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Author Topic: A question for the devs.  (Read 848 times)

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« on: February 12, 2014, 07:42:31 pm »

I'd like to start off by saying I'm a huge fan of your project and I've been following it for some time with great enthusiasm (unfortunately I missed the kickstarter). My first language isn't English, but I'll try to make as few mistakes as possible.

I'm an aspiring indie game dev who studies coding in school, so you guys are role models for me. I really appreciate that some people are in this industry out of love for video games.  The indie scene is a refreshing sight in a world filled with money hungry megastudios and derivative games.

My question is this : when a group of people (especially from different countries) work together on a game, how hard is it to protect your work? As a future developer, I fear that the biggest roadblock might be finding trustworthy people to work on a common goal and not get my work stolen.
« Last Edit: February 12, 2014, 07:48:21 pm by Yossarian » Logged

"It's the best catch there is." - Joseph Heller

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« Reply #1 on: February 13, 2014, 05:12:58 am »

I am not a member of this team but I am active with another game studio and have worked on more than a dozen major projects.

The short answer is that your intellectual property is protected by your legal agreements that you have all team members sign. Traditionally game developers are terrible with the business side of game development, or worse yet, think they are strong enough with it. The truth is that every team really should have a dedicated business professional(post grad degree and 5-10 years experience preferred) to handle the business concerns which entail legal, accounting, publishing deals, third party licensing, human resource issues, project management, marketing and PR until a dedicated person joins the team at the Alpha/early beta stage.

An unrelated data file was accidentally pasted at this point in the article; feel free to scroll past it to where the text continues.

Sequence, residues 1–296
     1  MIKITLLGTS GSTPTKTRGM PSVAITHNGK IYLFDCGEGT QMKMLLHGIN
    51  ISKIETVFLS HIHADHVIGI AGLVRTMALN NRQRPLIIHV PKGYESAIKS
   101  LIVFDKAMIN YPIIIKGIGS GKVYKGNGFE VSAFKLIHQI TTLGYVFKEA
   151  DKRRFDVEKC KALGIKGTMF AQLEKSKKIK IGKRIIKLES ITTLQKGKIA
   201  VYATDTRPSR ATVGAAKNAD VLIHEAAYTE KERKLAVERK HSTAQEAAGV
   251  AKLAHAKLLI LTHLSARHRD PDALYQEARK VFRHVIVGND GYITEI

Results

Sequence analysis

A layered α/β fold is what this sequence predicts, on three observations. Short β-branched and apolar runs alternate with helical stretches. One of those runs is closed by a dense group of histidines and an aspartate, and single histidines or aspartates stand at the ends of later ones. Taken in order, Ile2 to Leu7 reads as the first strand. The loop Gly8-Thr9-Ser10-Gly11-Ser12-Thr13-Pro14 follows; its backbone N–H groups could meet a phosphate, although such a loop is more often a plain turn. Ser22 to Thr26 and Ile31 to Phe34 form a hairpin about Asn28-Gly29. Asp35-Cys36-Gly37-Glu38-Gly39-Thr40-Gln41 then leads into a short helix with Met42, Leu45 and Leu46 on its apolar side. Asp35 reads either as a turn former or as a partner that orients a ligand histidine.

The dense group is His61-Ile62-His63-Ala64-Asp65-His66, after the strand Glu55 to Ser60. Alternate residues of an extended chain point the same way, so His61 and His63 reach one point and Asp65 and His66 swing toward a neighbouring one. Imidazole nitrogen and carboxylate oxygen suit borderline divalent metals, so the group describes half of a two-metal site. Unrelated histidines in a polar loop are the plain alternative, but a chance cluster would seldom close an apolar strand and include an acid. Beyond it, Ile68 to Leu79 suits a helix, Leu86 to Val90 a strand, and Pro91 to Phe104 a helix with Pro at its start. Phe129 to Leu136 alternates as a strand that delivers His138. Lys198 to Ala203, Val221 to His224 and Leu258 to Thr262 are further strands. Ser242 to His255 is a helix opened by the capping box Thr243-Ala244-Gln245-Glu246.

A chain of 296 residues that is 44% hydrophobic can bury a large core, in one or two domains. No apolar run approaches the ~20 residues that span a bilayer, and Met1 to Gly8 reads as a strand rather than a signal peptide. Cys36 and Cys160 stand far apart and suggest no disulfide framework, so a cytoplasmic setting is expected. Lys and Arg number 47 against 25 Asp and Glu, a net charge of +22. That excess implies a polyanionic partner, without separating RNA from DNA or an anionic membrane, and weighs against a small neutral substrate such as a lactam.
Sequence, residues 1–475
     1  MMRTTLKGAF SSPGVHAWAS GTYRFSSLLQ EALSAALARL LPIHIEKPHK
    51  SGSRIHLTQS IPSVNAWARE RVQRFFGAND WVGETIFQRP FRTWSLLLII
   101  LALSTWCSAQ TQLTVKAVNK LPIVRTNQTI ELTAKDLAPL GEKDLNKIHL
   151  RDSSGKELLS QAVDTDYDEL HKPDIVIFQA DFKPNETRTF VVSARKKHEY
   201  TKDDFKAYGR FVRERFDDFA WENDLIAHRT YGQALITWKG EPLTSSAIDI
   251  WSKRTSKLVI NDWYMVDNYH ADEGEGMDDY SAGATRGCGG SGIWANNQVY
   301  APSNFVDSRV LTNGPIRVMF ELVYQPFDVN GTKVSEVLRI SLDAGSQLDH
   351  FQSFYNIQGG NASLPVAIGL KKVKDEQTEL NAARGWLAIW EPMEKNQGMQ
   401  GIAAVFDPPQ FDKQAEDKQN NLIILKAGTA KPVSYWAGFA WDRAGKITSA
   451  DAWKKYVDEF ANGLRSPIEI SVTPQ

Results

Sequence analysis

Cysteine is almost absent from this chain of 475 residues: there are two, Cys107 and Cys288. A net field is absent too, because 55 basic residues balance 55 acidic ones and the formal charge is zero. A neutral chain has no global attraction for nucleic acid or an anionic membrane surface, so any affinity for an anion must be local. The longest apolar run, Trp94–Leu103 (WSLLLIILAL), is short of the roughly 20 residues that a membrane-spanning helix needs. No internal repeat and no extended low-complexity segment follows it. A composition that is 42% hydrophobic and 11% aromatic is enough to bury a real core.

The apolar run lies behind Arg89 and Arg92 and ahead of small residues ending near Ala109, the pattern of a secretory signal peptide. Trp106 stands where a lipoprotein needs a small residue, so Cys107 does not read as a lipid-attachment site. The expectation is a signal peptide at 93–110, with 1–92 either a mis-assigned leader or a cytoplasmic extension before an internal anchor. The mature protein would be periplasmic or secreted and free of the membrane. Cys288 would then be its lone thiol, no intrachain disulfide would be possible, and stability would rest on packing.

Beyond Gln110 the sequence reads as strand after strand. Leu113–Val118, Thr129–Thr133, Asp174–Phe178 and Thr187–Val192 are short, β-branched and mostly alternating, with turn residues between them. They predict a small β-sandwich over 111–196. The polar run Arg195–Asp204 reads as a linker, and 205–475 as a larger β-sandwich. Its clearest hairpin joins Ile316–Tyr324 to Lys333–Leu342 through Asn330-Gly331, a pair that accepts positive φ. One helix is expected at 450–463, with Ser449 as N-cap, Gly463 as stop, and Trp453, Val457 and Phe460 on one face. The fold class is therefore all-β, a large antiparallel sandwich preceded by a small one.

There are half a dozen legal documents that prevent your team from stealing your work. Most developers also over-estimate the value of their work. What is your fear? That they will steal your game concept entirely? This is unlikely and if they do you can sue them to stop the release and/or sue for damages which would likely exceed the amount you would have made in the first place. However, collecting is usually very hard/impossible. Are you afraid they will steal your proprietary code? Chances are your code has already been written by another and improved upon 10x over. I have lost count of how many devs have told me they have groundbreaking innovative code that will revolutionize the industry and must be guarded at all costs. You know what? Every time it doesn't scale. It's all stuff that has been tried at big studios with large teams who find that the principle looked good on paper but when applied at the large market scale it doesn't hold up.

A leap of faith. You have to take one if you are going to work with others. You get everyone to sign NDA agreements and Non-compete agreements. Perhaps an anti-circumvention agreement and a loyalty clause, etc. At the end of the day, you have to hire good people and if you don't have experience it's a potential pitfall. Yet again, another reason to have a dedicated business professional on the team. In order to find the right team member: they have to get along with you, they have to respect you and agree to follow you, they have to be qualified and verified, they have to understand the regulations in their country for working online for a company based elsewhere, they have to be able to afford to work for you, they have to be investigated to a certain degree so that you know they are respected and are of the character they express to you. Every single person you bring on your team requires a lot of work and then you have to protect yourself. Everything you write to them can be used against you. You must be careful of any promises you make, or infer. Sometimes you don't come right out and guarantee money but you infer that they will get rich if they work with you and that can later be used against you in court. Maybe they won't win, but it will be stressful, damaging, expensive and a waste of time. Once again, educate yourself or have a dedicated biz team member and not just your know-it-all friend who is a self proclaimed expert in business, but someone educated in management, business, project management, finance or entrepreneurial pursuits and preferably has experience.

If you truly have an incredible idea, copyright or patent it before sharing it with a single soul. Once you file that you can share it with anyone you want. If it's truly great it will be stolen from you by one of the true greats like Apple, MS, LG, SONY, etc. They are experts in stealing patents filed by individuals. Good luck and PM me if you want direct help.


I started in the industry as a consultant for indie devs and some AAA studios before joining several projects full time. I still consult on the side, often for free for indies. If we jive and I think the project has potential I offer to stay as a permanent member of the team for a share.
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